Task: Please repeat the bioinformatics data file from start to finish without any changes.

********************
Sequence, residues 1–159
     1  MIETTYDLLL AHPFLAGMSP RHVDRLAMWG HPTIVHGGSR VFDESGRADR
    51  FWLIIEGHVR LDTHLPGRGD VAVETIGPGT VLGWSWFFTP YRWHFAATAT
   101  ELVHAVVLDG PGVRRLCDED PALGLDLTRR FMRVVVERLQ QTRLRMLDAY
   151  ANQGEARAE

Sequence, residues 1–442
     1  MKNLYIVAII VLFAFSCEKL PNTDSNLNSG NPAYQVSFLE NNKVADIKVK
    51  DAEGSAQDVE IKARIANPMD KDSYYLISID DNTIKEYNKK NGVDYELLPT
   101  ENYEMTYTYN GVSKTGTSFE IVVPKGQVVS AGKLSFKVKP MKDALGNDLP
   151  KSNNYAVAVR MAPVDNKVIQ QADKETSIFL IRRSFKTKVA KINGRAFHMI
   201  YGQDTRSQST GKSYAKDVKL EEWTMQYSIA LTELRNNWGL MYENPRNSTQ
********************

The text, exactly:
Sequence, residues 1–159
     1  MIETTYDLLL AHPFLAGMSP RHVDRLAMWG HPTIVHGGSR VFDESGRADR
    51  FWLIIEGHVR LDTHLPGRGD VAVETIGPGT VLGWSWFFTP YRWHFAATAT
   101  ELVHAVVLDG PGVRRLCDED PALGLDLTRR FMRVVVERLQ QTRLRMLDAY
   151  ANQGEARAE

Sequence, residues 1–442
     1  MKNLYIVAII VLFAFSCEKL PNTDSNLNSG NPAYQVSFLE NNKVADIKVK
    51  DAEGSAQDVE IKARIANPMD KDSYYLISID DNTIKEYNKK NGVDYELLPT
   101  ENYEMTYTYN GVSKTGTSFE IVVPKGQVVS AGKLSFKVKP MKDALGNDLP
   151  KSNNYAVAVR MAPVDNKVIQ QADKETSIFL IRRSFKTKVA KINGRAFHMI
   201  YGQDTRSQST GKSYAKDVKL EEWTMQYSIA LTELRNNWGL MYENPRNSTQ